This week we’re taking a look at some unique, and at times downright quirky dining experiences in London. From circus performances to Russian grandmas and scorpion salads, it’s all here… and there’s some Michelin-stars too.
“Is it possible to fall in love over a plate of onions” writes Graham Greene as the characters of his novel begin their passionate love affair seated at a table of the Rules restaurant. The novel in question “the end of the affair” is loosely based around Greene’s own relationship with the femme fatale Catherine Walston, but its not the only novel, nor high profile extramarital relationship to involve the Rules throughout its very, very long history.
Established in 1798, the restaurant is only 20 years younger than the United States of America and is the the oldest in Britain,( if you’re wondering which one is the oldest in the world is, it’s this Spanish gem). It has survived two world wars, witnessed sparks fly between King Edward VII and the actress Lilly Langtry and the likes of Dickens, Greene and John le Carré have had the honor of feasting on its steak and kidney pies and immortalizing it in their works. History buff or gourmet, you owe it to yourself to book a table here.
Bringing the dinner and a show concept to a whole new level, the Circus restaurant is possibly the only eat in the world where complaining about a stray (thankfully still firmly attached) digit in your soup may not be so far fetched. Acrobats dance on and dangle above your table, fire eaters turn up the heat in between meals and sensuous dancers perform on stage and in the aisles of the restaurant. Yes it is as crazy as it sounds. To see the show at its best, head there on a Saturday where there’s also a DJ spinning until 2am.
Grandma Vanna hates seeing her children go hungry or cold. Her solution, plates of heartwarming Russian comfort food and for the older kids, a sprinkle of Vodka here and there. Flavorsome, filling and generous the dishes here are exactly what the doctor ordered to chase away the blues, whether its the Russian winter or London weather you seek solace from. Filled with chandeliers, mirrors, pictures, candles and all sorts of paraphernalia from Russia, the setting couldn’t be cosier and offers nostalgia whether or not you can tell the difference between a bowl of shchi or ukha.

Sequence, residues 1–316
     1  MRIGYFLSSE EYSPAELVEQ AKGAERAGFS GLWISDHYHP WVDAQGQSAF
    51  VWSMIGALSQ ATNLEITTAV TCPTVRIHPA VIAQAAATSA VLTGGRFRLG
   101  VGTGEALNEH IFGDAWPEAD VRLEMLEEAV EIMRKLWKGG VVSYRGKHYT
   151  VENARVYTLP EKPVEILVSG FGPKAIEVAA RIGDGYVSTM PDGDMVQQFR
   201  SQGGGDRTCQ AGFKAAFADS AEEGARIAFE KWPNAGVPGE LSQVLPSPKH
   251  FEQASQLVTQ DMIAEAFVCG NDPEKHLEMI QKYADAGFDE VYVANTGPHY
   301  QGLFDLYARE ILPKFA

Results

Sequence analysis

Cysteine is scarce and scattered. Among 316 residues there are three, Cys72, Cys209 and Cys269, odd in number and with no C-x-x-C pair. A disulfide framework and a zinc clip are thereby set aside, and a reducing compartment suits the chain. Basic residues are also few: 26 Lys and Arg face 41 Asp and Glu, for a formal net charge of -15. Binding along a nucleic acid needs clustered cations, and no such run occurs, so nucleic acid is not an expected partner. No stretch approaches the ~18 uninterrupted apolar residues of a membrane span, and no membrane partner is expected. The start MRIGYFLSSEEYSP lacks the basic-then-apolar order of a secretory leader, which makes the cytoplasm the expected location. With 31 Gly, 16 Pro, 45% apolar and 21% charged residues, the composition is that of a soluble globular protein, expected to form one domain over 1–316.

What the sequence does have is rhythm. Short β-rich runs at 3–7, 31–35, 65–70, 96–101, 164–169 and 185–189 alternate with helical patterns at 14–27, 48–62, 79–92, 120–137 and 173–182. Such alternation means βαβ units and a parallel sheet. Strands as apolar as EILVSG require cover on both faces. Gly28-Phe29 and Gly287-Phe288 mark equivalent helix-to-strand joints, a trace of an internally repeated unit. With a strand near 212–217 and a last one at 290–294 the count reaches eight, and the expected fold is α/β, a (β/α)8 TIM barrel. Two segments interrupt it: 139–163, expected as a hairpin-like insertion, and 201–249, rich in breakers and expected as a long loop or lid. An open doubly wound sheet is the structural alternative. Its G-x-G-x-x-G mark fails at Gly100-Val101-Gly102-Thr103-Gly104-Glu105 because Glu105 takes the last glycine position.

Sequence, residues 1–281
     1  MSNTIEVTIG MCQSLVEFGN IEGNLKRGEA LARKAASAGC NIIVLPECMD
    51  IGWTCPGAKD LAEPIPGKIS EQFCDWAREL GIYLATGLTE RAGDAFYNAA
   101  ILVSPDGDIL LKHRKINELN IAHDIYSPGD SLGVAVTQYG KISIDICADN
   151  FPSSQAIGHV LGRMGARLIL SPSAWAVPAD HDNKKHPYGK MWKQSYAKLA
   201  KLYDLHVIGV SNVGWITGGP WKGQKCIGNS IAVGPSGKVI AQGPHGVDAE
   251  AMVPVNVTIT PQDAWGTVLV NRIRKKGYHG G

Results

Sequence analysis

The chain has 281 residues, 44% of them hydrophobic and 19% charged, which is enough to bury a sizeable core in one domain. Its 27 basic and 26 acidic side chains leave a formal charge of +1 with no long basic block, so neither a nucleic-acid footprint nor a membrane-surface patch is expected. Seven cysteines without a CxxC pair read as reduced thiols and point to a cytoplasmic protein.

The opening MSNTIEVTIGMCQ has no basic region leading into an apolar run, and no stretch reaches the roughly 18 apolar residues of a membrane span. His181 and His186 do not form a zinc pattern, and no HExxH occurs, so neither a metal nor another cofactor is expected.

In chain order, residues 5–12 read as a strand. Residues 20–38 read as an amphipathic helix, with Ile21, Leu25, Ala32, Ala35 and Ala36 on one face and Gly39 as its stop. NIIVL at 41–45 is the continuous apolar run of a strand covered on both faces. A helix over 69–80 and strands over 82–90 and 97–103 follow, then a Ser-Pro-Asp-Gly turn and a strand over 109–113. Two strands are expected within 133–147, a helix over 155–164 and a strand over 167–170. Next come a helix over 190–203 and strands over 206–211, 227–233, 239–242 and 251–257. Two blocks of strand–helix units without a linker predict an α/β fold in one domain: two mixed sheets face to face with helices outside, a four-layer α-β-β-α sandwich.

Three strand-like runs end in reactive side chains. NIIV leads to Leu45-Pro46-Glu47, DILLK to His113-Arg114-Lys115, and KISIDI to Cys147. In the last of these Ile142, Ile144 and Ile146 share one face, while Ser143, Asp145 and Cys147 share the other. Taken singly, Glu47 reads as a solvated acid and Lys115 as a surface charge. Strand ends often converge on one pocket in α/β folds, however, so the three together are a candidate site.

If you can’t go through the rabbit hole for a tea party, this is the next best place. The multi roomed sketch is as decadent and quirky as it was upon opening over 10 years ago and with the number of restaurants competing for the title, that’s no small feat. Award winning artists let their imagination run wild across seven rooms for a potpourri of mismatched elements including alien pods for toilets and the flashy elegance of the Lecture Room. But it’s not just art on the walls, with Michelin-starred dining by award winning chef Pierre Gagnaire, the Sketch is a serious destination for epicures too.
Galvin La Chapelle
Michelin starred dining in a heritage listed chapel is bound to impress anyone sitting across the table from you… especially when it looks as gorgeous as this. The French gourmet menu is to die for, and the restaurant claims to have the largest selection of Heritage La Chapelle bottles in the world.
Last but not least, the Archipelago is probably the oddest item on this list. If you’ve ever wondered what zebra, scorpion or even smoked python would taste like, then this is the place to go. The decor is as eclectic as the menu, featuring all sorts of effigies, Buddha statues, masks and giant peacock feathers. It’s odd but tasteful, just like what’s on your plate.